Several other motorists saw the incident as well. Eugene Michael ("Michael"), a battalion chief with the Rochester Fire Department, was stopped on Clifford Avenue, east of Clinton Avenue, behind five or six other cars wailing for a red light to change. He saw a man running south on Clinton Avenue turn west onto Clifford Avenue, while a brown vehicle made the same turn--at a faster than normal speed but not so excessive as to appear "out of control". Michael observed the brown car striking the running man and catapult his body into the air. T.497-501.

Edwin Ortiz and Lydia Ortiz were heading in the other direction, east on Clifford Avenue, when they saw a man walking rapidly as if he were "agitated" toward them. They watched as he was struck by the brown automobile which "quickly turned right" from Clinton onto Clifford.

Mr. Ortiz estimated the car's speed at impact as between 25 and 35 miles per hour, which was slower than Vega thought it was traveling, but consistent with Cunliffe's approximation of the car's speed before the turn. By this point, "Fish" was back in the car. T.427, 476, 522, 563, 608-12, 622-27, 647.

After the collision, Petitioner did not slow down until he passed Mrs. Echevarria as she was running to her husband's side. "Fish" stuck his head out the window and said something to her. Petitioner meanwhile continued driving east, turned onto Lill Street, and then made a U-turn which enabled Cunliffe to catch up with him. Petitioner downplayed the incident, assuring Cunliffe, "Hey, don't worry about it" and continued driving away. Cunliffe took down the vehicle's license number before returning to the stricken Saez. T.476-79, 534-39.

Edwin Ortiz also followed Petitioner and when his vehicle finally came to a stop at Roth Street and Avenue A, he pulled along side and asked him why he had hit the man. Petitioner pointed to his face indicating that something had provoked him. T.613-18.

The autopsy established the cause of Luis Saez death to an "extremely severe" closed head injury, consistent with his being struck by a moving automobile and hitting the pavement on his head, resulting in massive brain damage. T.599-603. Defense counsel did not cross-examine the medical examiner.

Petitioner fled to New Jersey once he found out that Saez had died, but he returned to Rochester in January of 2001. He arranged to surrender himself on March 19, 2001, explaining, "I am getting too old to keep running." T.645-47, 654, 725. After being advised of his constitutional rights, in both English and Spanish, he waived them and gave Investigator Randall Benjamin the following account of the killing and what caused it:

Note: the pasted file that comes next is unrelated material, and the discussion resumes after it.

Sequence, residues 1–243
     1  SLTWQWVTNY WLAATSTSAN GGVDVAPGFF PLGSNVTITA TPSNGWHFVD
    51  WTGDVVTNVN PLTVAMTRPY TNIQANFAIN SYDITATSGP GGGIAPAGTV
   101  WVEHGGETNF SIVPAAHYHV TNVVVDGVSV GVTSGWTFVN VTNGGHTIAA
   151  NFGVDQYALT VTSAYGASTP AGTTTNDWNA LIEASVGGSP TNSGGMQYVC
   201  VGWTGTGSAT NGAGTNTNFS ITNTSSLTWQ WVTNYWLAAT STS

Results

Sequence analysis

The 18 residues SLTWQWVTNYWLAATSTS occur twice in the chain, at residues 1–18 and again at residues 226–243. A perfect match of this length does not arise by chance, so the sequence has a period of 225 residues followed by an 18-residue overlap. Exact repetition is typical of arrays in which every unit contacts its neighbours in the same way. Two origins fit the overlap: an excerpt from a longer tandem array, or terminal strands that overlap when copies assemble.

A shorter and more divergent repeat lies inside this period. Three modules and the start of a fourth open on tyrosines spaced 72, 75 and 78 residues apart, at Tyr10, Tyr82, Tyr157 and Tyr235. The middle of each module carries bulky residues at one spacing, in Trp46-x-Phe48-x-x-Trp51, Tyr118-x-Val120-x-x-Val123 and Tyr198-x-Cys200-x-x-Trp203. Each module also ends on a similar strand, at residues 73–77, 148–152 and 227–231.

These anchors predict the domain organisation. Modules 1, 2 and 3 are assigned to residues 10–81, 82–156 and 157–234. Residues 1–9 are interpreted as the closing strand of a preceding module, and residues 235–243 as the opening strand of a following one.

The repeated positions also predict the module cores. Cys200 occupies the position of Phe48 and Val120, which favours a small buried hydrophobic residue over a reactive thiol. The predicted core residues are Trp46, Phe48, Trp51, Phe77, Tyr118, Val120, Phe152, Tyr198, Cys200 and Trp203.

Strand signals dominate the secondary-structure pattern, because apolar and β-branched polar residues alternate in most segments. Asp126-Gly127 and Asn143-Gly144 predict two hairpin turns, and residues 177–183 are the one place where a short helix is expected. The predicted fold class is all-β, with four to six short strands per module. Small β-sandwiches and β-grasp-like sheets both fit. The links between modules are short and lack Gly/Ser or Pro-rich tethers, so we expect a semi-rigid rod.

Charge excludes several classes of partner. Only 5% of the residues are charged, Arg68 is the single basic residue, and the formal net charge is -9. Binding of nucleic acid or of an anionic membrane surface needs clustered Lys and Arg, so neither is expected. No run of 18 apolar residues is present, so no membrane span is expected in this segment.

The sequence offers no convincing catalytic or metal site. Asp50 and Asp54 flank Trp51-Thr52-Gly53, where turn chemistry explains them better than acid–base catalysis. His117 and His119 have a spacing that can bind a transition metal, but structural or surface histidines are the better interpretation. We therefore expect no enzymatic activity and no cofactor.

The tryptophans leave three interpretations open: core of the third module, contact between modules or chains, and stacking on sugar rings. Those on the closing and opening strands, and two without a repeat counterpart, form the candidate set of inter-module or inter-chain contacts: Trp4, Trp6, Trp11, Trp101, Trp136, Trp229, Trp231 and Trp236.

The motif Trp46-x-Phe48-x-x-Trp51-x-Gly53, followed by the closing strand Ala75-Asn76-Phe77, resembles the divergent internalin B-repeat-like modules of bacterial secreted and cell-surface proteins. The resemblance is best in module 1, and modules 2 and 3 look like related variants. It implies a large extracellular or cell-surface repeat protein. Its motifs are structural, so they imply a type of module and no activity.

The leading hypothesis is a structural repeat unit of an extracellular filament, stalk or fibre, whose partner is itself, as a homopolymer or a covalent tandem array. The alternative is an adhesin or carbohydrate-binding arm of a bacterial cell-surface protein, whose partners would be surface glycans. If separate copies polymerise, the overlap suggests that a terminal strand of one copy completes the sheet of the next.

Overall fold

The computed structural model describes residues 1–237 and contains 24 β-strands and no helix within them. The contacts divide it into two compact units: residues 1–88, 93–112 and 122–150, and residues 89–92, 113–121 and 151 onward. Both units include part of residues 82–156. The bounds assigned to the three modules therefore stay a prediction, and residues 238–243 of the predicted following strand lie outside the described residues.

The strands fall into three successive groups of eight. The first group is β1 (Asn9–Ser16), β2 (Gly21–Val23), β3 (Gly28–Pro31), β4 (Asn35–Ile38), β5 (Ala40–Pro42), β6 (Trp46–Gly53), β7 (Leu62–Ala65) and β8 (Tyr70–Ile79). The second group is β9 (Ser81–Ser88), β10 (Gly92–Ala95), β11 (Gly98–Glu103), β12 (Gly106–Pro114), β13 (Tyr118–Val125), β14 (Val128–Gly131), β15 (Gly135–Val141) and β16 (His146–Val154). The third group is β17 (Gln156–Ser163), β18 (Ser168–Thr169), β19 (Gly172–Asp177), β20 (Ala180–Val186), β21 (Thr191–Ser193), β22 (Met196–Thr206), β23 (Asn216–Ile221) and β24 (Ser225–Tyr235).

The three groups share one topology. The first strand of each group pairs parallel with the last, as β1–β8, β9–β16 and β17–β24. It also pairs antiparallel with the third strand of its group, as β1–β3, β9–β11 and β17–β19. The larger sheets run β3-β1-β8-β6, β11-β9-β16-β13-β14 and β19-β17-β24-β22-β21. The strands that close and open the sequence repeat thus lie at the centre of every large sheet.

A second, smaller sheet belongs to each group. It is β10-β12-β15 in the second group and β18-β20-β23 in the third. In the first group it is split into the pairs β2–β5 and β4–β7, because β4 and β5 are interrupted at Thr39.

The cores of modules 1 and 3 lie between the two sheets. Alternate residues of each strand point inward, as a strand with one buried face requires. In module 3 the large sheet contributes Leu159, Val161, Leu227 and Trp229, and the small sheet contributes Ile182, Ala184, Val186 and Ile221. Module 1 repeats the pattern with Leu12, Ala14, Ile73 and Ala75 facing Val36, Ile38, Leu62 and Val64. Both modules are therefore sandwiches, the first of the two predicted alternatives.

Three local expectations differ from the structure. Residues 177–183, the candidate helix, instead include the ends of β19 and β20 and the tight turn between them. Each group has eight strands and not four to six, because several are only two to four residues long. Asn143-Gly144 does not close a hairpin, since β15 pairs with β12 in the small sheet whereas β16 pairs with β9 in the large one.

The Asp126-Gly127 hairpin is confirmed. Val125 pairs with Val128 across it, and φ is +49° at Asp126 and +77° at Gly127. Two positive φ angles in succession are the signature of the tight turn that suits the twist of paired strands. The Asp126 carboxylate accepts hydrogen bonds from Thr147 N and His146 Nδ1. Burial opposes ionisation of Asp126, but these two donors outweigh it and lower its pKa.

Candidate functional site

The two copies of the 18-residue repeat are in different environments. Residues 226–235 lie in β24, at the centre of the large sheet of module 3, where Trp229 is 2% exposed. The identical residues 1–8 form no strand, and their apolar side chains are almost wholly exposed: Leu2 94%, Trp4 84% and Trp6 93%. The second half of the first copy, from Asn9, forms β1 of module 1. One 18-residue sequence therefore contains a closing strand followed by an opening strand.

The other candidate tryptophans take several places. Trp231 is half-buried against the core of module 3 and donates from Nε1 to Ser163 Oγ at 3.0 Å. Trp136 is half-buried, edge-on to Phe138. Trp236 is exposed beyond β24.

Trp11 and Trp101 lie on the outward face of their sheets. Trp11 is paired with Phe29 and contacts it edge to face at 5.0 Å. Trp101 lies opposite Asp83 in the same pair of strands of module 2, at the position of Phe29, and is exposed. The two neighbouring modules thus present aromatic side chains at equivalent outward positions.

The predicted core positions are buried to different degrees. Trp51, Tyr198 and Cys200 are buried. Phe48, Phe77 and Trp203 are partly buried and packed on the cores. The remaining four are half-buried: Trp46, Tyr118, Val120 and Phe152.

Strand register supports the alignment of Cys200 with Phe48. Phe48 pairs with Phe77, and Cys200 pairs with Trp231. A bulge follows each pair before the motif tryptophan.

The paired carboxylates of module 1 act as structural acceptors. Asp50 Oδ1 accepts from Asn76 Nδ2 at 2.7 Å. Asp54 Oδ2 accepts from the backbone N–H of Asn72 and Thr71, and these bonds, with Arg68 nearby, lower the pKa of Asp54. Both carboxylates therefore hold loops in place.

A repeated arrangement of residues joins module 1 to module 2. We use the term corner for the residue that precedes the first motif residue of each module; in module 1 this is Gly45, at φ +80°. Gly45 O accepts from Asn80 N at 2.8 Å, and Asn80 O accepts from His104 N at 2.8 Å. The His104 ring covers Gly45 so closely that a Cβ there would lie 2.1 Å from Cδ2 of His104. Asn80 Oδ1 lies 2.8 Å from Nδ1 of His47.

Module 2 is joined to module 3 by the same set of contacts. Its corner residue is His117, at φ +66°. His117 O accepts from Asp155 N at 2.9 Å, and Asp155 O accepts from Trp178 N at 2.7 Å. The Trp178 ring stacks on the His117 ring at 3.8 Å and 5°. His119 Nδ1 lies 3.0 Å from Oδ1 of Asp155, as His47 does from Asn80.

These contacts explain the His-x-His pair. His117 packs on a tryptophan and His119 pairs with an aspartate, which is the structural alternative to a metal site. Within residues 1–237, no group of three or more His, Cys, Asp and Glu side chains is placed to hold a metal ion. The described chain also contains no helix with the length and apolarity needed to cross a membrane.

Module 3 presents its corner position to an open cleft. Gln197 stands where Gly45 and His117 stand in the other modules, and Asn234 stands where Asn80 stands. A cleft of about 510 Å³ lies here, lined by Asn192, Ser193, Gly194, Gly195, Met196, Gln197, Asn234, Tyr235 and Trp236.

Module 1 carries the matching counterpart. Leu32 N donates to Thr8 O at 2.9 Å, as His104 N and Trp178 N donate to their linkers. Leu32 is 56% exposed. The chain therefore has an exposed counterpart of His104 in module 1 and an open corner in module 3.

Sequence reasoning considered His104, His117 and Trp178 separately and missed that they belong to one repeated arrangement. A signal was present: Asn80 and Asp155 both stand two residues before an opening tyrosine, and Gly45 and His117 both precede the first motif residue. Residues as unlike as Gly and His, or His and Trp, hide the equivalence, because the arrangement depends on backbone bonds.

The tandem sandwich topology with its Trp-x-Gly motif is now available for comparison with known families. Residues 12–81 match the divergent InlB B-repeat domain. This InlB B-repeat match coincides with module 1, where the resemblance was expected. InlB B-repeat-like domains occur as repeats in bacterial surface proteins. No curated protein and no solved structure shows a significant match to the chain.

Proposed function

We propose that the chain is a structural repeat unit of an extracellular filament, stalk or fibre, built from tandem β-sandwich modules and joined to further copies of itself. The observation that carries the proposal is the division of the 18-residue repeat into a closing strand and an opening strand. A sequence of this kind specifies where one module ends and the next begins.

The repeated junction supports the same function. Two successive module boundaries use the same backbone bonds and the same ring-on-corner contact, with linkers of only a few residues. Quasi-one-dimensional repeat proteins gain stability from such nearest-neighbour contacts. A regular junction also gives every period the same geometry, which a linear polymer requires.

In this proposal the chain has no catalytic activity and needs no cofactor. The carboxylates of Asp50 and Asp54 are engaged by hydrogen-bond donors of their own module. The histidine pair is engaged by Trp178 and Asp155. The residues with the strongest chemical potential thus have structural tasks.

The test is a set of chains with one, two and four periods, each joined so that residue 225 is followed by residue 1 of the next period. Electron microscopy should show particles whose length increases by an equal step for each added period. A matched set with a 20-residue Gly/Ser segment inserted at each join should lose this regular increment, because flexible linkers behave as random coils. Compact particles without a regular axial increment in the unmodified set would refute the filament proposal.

Last summer I had hit a person on Clifford Avenue. What led up to this was that my two friends, Miechi and Fish, had a problem with the guy I hit, his name is Luis. Luis had robbed Miechi and punched him in the face. We reported it to the police. Luis was arrested, but Miechi never followed through with it and Luis got out of jail. After that, they had problems with Luis and his friends. I never had problems with these guys before, but after they saw me with the police that day, I don't think they like me either.

In June of last year. I am not sure of what day it was. I had picked up Miechi and Fish. We went to a store on Clifford Avenue at Mead. I had parked my car right in front of the store. Luis and two other guys came down Clinton Avenue from Carl Street. When they came down the street. Meichi and Fish got out of the car.

They started fighting with the guys and I stayed in the car. When I was in the car, Luis came up to the car and punched me in the nose and made it bleed. He then broke the window of the door right behind me and kept hitting the car. I then took off.

I drove up to Carl Street and turned around. When I turned around, Miechi got in the car with me. I then went down Clinton Avenue and turned on Clifford towards Conkey Avenue. When I turned the comer. I saw Luis standing in the road. I thought he was going to hit me again, so I hit him.

Petitioner continued with a description of his flight from the scene, and confirmed that when "the guy in the white car" (i.e., Cunliffe) who followed him said something about the man he had hit and left lying in the street, he responded by pointing to his face and saying. "Look what he did to me!" T.711-26.

The defense theory was killing of Luis Saez was an accident. See, e.g., T.756. The prosecution presented alternative theories of liability--that Echavarria-Perez's act of striking Saez with his vehicle was either an intentional act, or was done with depraved indifference to human life. The jury returned a verdict convicting ...

Buy This Entire Record For $7.95

Download the entire decision to receive the complete text, official citation,
docket number, dissents and concurrences, and footnotes for this case.

Learn more about what you receive with purchase of this case.